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    I think it will depend on exactly what you want to research and how involved you want to be involved in direct clinical practice. Advanced practice nurses have careers quite different from registered nurses. Do you want to focus on clinical practice and implementation of evidence based practices? Or do you want to generate new knoweldege with original research? Also, most importantly, if you want to do research then exactly what would be your research interests? If you will focus on nursing research on the RN level then go straight for the Ph.D.; but if you want to conduct research related to some advanced practice specialty then go their first. You might be able to combine a masters APN component into your Ph.D. (or do a post-masters certificate with it). The program I am attending allows a masters component to be combined with the Ph.D. I am finishing my DNP right now and have just gotten accepted into a Ph.D. program, I really wish I had gone straight for the Ph.D. (a already have a masters in anesthesia). I really enjoy research.

    Both careers pay fairly well (Ph.D. vs DNP). DNP's will usually get paid more (unless you are a program director somewhere). What is really important is that you do what you enjoy, income won't matter if you dread going to work.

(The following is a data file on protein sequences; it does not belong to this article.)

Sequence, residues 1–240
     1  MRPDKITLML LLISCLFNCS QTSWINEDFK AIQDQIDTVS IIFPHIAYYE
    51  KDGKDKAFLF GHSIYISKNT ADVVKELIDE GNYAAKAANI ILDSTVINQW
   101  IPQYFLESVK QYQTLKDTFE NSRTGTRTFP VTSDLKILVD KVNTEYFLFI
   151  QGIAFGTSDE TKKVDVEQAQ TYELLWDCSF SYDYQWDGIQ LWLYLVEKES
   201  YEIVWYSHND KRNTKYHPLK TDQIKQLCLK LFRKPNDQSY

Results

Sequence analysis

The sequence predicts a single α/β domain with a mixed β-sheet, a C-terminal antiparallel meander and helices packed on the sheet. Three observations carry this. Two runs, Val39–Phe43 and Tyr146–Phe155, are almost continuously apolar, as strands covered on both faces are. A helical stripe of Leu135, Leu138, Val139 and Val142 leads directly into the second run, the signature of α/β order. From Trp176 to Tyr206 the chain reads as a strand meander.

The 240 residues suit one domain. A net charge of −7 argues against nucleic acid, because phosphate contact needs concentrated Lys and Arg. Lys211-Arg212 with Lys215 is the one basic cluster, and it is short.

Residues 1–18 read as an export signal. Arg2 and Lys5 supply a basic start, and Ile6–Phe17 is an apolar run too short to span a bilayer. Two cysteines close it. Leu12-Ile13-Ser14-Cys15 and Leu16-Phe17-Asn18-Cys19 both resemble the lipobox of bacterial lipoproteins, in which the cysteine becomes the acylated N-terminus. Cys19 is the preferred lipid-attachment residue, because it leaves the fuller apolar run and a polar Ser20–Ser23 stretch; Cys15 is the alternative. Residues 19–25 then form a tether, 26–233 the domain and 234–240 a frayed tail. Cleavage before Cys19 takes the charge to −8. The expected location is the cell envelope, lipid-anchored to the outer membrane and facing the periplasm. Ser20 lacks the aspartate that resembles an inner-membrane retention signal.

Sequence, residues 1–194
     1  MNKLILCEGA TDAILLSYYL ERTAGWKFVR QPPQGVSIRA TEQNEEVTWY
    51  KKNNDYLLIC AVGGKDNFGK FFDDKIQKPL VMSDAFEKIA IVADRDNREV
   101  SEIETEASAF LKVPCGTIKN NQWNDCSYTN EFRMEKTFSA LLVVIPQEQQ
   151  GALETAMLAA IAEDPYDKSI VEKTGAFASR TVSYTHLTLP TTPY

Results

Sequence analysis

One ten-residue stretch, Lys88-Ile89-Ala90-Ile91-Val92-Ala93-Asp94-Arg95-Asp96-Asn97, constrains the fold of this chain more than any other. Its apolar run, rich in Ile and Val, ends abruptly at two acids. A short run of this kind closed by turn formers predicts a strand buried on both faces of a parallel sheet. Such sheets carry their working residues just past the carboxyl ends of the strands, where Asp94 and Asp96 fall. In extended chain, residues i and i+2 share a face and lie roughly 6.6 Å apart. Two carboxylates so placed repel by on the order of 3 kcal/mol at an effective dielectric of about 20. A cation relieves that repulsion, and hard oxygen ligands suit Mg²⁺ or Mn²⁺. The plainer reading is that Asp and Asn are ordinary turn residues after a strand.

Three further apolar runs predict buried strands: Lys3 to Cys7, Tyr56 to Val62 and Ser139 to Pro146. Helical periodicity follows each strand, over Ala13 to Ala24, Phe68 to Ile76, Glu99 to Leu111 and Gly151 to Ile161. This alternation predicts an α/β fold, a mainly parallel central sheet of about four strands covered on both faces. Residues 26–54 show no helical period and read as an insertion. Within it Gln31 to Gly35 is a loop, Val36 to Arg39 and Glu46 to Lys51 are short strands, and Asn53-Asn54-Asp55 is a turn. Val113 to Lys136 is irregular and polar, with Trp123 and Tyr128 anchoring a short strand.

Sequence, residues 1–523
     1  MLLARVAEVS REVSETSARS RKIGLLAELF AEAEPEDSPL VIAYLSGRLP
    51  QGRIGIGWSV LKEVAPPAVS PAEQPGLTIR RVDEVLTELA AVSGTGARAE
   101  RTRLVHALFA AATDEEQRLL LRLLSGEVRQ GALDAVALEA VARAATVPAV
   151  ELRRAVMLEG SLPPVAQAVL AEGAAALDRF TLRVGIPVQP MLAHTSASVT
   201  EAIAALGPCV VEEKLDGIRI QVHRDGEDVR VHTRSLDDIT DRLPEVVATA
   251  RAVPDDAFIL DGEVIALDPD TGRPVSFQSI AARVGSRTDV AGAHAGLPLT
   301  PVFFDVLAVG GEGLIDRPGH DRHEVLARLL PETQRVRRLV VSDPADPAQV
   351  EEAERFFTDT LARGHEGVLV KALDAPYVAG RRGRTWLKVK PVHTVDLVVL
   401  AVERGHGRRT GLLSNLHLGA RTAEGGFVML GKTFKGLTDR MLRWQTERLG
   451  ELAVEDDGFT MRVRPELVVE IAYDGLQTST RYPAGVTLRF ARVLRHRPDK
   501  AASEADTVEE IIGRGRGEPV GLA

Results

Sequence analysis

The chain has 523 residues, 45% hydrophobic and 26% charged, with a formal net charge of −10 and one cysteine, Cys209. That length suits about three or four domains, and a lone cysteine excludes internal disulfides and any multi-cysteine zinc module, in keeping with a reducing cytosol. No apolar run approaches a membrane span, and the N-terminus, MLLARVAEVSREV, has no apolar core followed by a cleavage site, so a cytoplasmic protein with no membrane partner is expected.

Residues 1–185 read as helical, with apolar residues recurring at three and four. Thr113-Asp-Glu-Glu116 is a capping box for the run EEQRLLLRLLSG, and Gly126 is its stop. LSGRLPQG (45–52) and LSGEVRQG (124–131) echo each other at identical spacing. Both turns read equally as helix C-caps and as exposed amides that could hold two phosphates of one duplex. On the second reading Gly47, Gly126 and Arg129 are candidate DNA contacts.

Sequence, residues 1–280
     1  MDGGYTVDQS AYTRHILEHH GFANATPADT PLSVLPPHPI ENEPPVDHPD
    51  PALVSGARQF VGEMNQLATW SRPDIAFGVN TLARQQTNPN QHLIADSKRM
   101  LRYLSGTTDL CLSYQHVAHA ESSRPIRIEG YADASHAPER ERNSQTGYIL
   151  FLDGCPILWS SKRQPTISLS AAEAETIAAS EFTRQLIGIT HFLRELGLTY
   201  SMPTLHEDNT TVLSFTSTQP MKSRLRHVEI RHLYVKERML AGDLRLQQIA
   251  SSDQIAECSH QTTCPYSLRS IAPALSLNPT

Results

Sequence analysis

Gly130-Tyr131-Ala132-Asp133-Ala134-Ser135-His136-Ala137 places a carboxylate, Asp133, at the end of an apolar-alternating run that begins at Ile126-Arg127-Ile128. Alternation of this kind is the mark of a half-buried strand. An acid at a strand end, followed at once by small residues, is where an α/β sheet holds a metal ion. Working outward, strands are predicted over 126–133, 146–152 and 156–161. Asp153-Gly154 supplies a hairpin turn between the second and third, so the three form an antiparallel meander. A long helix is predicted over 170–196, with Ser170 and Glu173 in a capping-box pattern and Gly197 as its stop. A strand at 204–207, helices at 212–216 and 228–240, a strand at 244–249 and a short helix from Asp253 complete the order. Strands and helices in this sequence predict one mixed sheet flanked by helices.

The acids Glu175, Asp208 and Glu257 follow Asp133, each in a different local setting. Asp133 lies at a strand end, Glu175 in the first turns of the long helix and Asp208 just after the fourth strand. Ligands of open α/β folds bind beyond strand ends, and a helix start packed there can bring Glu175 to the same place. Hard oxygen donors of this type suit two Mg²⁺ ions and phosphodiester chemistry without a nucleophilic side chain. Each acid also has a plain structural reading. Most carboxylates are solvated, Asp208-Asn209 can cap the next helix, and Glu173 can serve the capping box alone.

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    For your last question, Ph.D. nurses are respected; but they get no additional respect in the clinical setting. On the contrary, many practicing RN's do not value the opinion of Ph.D. nurses who do not have any clinical practice experience. Many RN's take the stand that if you do not practice it then you should not be researching or trying to influence it. It would be like someone telling you how to perfect a skill when they have never used the skill to begin with. Also, a DNP will not be seen by fellow practitioners as being better prepared (though they will be much better prepared to interpret and implement the evidence).

    Unfortunately, you will not truly know if you enjoy something until you jump in and do it. If you enjoy academic type pursuits then you will enjoy research.
    WineCountryRN likes this.
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    Some more very useful points of view. Education is definitely not going to be easy and it's challenges (over those of the DNP's) will be of a different nature (i.e. students questioning a professor with little clinical experience, etc).

    I've asked most of my professors that have gotten to know my personality's strengths and there is a resounding "Go for the PhD!" from them all. This is because I'm a thinker and have unique insight from which many new, innovative ideas come from. If I did try to implement research into the clinical setting I'd probably try to bring in many new innovative therapies. I think his desire to seek something new and original would better be suited for a hardcore research setting.

    I've worked as a medic in the US Army and we can often do more than what civilian RN's can do (sutures, nerve blocks, etc) but regardless, I'm going to have to go out and get more clinical experience as an RN before I really know for sure.
    WineCountryRN likes this.